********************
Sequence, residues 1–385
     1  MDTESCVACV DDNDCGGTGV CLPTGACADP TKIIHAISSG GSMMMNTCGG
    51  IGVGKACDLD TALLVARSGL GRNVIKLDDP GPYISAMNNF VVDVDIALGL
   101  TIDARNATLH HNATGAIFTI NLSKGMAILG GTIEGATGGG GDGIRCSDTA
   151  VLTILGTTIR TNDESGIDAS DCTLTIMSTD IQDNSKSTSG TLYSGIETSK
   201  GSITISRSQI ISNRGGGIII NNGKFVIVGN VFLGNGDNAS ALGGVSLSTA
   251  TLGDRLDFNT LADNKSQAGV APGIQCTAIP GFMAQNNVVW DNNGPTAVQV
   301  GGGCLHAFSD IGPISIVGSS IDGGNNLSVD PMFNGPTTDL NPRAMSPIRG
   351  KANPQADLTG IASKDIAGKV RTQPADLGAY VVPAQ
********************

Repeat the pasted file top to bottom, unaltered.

Sequence, residues 1–385
     1  MDTESCVACV DDNDCGGTGV CLPTGACADP TKIIHAISSG GSMMMNTCGG
    51  IGVGKACDLD TALLVARSGL GRNVIKLDDP GPYISAMNNF VVDVDIALGL
   101  TIDARNATLH HNATGAIFTI NLSKGMAILG GTIEGATGGG GDGIRCSDTA
   151  VLTILGTTIR TNDESGIDAS DCTLTIMSTD IQDNSKSTSG TLYSGIETSK
   201  GSITISRSQI ISNRGGGIII NNGKFVIVGN VFLGNGDNAS ALGGVSLSTA
   251  TLGDRLDFNT LADNKSQAGV APGIQCTAIP GFMAQNNVVW DNNGPTAVQV
   301  GGGCLHAFSD IGPISIVGSS IDGGNNLSVD PMFNGPTTDL NPRAMSPIRG
   351  KANPQADLTG IASKDIAGKV RTQPADLGAY VVPAQ